Pim Razenberg on the changes in Saudi Arabia’s cinematic landscape…
What was the first movie you ever watched in theatres? Was it a family friendly animated film, or the action-packed blockbuster your father really wanted to see? For me, it was most probably Walt Disney’s Snow White and the Seven Dwarfs in 1991. At the cuddleable age of four, me and my two older sisters were granted with something that has become increasingly rare in the modern world: the cinematic re-release of classic films. Over the course of a few years, our local cinema showed many of the films from Walt Disney’s Classics library, ushering us into the world of cinema.
What we experienced as children, others could only dream of. In 1980’s, in the heart of the Middle East, the government of Saudi Arabia decided to put an end to cinema. At the time, the country had some improvised movie halls, which screened Egyptian, Turkish and Indian films, but they did so without government authorization. According to the Saudi government, cinema was deemed un-Islamic on grounds of the country’s legal system, which is firmly based on the Islamic Shari’a law derived from the Qur’an. Among other things, Shari’a law prohibits gender mixing, listening to music and the public exposure of women, making it difficult for film finding a place within Saudi society. All but one of the country’s film theatres were shut down; the IMAX theatre in Khobar that did remain open only showed only educational films.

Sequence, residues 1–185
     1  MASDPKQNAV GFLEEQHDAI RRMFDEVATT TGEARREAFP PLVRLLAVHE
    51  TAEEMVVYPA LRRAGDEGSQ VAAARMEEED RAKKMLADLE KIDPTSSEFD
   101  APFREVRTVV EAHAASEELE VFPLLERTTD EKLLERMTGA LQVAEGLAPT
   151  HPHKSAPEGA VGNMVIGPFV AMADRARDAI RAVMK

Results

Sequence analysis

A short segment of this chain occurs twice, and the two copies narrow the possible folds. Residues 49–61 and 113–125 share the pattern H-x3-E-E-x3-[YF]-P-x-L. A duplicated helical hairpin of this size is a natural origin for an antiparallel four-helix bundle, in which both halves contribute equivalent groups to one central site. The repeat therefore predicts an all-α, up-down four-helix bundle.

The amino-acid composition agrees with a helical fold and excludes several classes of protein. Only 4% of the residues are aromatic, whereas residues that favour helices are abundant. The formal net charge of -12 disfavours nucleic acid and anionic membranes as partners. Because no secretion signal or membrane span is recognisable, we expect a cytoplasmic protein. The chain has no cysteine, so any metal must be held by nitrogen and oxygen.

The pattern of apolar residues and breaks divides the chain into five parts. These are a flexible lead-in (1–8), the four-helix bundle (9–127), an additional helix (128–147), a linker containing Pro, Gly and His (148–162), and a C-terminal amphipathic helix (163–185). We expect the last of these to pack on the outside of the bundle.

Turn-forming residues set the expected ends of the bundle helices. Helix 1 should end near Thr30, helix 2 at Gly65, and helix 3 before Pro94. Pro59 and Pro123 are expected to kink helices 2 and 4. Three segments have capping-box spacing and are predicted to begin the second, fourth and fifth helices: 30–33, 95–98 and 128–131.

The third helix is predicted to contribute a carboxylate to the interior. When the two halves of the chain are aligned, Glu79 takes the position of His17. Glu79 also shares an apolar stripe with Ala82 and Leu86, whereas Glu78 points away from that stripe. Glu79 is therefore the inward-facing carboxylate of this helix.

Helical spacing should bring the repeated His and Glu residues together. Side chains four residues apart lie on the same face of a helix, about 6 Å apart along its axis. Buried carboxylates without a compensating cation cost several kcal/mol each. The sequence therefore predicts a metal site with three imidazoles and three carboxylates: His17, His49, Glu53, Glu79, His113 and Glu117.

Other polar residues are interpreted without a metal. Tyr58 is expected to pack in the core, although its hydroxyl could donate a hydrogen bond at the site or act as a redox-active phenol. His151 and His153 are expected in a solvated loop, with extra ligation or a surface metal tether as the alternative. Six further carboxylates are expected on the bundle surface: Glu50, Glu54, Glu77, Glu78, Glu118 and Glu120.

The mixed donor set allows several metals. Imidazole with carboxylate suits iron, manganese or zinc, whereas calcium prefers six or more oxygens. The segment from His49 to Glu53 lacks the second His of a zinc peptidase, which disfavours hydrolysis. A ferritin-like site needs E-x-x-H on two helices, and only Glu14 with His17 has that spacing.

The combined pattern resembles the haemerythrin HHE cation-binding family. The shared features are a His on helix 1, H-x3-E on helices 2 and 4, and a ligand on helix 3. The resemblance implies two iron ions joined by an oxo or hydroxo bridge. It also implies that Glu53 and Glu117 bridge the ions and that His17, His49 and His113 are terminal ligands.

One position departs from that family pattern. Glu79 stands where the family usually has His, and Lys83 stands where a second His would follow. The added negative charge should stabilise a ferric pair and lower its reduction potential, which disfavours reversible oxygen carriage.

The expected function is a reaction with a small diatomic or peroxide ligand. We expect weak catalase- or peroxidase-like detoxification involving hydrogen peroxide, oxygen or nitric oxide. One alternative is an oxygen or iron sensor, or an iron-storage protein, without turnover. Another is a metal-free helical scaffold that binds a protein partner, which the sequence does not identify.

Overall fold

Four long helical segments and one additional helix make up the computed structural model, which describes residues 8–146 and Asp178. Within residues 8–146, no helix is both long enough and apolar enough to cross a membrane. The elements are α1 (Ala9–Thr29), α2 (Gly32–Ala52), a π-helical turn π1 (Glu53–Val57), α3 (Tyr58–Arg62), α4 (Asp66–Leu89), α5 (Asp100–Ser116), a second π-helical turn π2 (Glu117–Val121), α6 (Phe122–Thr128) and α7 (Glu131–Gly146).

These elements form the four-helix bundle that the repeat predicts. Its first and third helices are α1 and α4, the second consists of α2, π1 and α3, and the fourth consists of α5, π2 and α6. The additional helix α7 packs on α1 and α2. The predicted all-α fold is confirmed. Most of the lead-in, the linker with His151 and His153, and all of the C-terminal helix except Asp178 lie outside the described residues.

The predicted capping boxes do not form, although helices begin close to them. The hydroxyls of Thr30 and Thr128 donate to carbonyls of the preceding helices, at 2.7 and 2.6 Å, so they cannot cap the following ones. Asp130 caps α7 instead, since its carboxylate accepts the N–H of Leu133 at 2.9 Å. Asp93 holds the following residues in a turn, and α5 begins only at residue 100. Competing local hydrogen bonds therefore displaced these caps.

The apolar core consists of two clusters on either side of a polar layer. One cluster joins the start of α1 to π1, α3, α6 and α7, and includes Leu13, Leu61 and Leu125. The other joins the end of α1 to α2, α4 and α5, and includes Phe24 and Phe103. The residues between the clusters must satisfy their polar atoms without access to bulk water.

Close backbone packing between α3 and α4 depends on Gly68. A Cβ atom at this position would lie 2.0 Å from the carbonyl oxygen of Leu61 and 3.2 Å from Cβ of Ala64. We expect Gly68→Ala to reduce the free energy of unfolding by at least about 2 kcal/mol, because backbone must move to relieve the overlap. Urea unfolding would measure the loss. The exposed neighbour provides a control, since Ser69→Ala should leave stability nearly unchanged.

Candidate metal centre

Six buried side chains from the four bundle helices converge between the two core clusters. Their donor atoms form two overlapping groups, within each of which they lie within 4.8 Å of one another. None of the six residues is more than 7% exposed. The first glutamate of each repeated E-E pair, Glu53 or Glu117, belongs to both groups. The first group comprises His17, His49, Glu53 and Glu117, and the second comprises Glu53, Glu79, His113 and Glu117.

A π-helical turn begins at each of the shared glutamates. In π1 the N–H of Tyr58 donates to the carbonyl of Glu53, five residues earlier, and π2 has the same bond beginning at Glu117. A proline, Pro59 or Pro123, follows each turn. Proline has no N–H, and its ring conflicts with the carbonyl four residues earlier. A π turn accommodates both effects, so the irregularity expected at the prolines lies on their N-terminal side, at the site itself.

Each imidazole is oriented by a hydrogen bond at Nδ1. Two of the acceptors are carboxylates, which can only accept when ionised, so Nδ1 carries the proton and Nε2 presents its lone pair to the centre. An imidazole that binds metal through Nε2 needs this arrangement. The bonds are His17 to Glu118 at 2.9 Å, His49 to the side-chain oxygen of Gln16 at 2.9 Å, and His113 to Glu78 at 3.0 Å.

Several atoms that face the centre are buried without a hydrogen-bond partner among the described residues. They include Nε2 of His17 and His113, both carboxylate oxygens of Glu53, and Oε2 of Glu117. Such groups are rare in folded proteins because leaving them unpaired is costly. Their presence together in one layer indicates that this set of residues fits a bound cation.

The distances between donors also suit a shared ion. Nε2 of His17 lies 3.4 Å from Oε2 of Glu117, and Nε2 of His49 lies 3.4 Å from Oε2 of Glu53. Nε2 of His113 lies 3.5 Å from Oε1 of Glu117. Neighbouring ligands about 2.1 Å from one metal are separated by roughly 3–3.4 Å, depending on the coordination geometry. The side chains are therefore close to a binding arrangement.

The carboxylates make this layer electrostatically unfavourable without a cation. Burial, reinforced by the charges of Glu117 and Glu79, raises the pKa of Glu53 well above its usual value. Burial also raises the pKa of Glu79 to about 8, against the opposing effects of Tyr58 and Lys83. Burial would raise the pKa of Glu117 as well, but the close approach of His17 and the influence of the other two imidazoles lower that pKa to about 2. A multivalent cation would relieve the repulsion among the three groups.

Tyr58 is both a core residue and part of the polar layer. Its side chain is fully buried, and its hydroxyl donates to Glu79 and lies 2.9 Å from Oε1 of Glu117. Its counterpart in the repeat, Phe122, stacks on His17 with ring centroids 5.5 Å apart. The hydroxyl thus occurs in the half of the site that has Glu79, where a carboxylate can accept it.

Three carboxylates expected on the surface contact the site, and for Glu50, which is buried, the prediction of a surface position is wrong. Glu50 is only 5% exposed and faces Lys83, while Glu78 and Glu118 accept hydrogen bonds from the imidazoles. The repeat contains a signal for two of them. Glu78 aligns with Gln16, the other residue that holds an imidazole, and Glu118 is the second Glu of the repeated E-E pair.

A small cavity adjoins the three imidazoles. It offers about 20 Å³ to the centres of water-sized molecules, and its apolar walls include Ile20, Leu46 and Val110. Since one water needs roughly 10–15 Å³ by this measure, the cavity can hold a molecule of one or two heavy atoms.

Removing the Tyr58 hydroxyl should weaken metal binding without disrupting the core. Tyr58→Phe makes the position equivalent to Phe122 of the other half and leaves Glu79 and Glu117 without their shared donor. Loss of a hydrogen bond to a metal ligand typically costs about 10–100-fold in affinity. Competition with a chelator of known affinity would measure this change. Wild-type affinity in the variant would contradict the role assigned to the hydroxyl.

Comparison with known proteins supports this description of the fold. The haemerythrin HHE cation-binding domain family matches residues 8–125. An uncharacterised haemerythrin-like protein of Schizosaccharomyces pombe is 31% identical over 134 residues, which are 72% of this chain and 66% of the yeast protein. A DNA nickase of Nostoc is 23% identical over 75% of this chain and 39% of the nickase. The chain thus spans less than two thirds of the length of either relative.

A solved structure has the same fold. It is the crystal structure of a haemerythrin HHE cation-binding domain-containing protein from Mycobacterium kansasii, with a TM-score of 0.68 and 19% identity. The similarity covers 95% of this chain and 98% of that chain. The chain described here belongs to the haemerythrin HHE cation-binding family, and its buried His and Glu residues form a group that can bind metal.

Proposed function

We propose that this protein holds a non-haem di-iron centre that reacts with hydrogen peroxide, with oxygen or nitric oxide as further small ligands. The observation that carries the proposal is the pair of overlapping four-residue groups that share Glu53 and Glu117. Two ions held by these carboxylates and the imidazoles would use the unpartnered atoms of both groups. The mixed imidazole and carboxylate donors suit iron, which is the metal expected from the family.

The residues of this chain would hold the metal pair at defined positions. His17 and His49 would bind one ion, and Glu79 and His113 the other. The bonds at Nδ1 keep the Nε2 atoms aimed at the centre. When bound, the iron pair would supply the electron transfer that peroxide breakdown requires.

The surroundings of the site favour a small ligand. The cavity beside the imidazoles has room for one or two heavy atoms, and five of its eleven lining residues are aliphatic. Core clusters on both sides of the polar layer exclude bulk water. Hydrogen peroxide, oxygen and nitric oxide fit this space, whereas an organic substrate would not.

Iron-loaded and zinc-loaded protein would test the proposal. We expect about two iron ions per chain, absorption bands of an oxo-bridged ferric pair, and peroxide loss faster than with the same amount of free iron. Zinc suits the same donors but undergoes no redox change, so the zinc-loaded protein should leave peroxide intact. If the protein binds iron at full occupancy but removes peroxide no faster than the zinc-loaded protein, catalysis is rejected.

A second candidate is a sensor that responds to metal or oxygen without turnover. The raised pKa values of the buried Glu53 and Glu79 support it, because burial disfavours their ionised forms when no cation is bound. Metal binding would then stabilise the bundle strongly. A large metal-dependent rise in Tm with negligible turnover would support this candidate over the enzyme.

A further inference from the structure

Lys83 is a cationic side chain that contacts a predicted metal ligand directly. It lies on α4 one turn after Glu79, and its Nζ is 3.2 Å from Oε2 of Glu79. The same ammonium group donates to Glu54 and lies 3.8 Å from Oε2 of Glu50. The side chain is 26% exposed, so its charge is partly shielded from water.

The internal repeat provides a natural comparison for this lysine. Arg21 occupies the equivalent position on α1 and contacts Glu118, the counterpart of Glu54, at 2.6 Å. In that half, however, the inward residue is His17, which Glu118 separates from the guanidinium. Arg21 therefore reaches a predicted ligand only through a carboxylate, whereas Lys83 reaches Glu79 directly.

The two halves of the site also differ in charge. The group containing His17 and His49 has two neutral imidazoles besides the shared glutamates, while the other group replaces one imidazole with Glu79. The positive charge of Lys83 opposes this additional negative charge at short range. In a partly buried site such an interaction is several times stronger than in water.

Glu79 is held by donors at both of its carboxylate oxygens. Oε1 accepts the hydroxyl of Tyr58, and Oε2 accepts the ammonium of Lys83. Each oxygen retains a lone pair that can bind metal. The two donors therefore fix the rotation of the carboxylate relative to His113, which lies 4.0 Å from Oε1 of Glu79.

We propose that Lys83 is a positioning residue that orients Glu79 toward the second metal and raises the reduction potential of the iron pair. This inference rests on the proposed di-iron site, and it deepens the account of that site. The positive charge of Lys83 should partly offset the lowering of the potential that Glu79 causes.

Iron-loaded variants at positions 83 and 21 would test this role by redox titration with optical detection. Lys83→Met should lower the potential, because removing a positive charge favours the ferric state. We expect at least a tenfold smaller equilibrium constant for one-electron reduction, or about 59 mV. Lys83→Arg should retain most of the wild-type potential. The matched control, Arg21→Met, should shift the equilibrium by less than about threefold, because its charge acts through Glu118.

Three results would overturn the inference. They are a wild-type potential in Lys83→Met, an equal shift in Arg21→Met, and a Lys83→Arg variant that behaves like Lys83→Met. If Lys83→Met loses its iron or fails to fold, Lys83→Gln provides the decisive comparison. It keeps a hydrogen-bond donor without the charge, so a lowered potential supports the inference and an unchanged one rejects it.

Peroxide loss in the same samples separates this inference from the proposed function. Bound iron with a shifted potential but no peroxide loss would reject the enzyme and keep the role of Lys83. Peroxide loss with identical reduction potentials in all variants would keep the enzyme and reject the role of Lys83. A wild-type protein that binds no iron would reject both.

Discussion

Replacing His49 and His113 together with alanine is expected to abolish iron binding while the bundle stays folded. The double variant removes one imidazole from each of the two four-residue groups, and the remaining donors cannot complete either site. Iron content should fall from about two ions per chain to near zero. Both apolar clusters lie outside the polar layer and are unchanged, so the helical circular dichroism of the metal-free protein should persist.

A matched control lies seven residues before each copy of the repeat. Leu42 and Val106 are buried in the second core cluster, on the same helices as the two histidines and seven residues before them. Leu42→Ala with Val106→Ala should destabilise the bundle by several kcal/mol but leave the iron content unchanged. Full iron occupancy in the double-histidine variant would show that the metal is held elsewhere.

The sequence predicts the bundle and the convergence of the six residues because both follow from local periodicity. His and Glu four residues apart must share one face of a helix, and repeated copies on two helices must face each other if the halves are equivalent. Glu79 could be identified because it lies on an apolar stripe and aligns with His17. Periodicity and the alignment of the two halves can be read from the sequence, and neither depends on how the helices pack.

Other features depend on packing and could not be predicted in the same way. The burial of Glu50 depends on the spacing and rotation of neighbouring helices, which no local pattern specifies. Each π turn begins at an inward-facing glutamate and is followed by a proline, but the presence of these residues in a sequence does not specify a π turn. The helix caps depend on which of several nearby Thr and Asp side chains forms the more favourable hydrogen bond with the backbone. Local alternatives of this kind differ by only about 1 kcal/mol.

In the early 2000s, over two decades after the nationwide closure of cinema’s, Saudi’s Minister of Culture and Information Iyyad Madani submitted a request to once again open a movie theatre in the country. Though his request was met with strong opposition due to the influence of Saudi’s religious authority, polls concerning the request indicated that 90% of Saudi’s population agreed to the opening of new movie theatres. The request was eventually denied, but it wasn’t the definitive end of cinema in Saudi Arabia: in 2006, the first Jeddah Film Festival was hosted in the country, showing both local and foreign films. The festival received no government authorization and ran for only three years, until it was banned in 2009.